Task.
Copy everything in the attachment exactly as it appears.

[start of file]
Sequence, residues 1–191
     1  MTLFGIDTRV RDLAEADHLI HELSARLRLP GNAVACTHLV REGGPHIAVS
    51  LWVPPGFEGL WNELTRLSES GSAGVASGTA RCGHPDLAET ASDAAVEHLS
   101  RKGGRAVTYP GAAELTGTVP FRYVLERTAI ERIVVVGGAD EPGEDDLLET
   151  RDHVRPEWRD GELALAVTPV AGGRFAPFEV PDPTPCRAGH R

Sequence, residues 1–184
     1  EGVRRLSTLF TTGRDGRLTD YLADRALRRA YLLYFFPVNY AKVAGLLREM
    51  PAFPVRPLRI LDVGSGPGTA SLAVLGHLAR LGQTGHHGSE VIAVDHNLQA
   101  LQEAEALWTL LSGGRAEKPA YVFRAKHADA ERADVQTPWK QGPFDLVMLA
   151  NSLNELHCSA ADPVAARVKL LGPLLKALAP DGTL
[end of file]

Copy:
Sequence, residues 1–191
     1  MTLFGIDTRV RDLAEADHLI HELSARLRLP GNAVACTHLV REGGPHIAVS
    51  LWVPPGFEGL WNELTRLSES GSAGVASGTA RCGHPDLAET ASDAAVEHLS
   101  RKGGRAVTYP GAAELTGTVP FRYVLERTAI ERIVVVGGAD EPGEDDLLET
   151  RDHVRPEWRD GELALAVTPV AGGRFAPFEV PDPTPCRAGH R

Sequence, residues 1–184
     1  EGVRRLSTLF TTGRDGRLTD YLADRALRRA YLLYFFPVNY AKVAGLLREM
    51  PAFPVRPLRI LDVGSGPGTA SLAVLGHLAR LGQTGHHGSE VIAVDHNLQA
   101  LQEAEALWTL LSGGRAEKPA YVFRAKHADA ERADVQTPWK QGPFDLVMLA
   151  NSLNELHCSA ADPVAARVKL LGPLLKALAP DGTL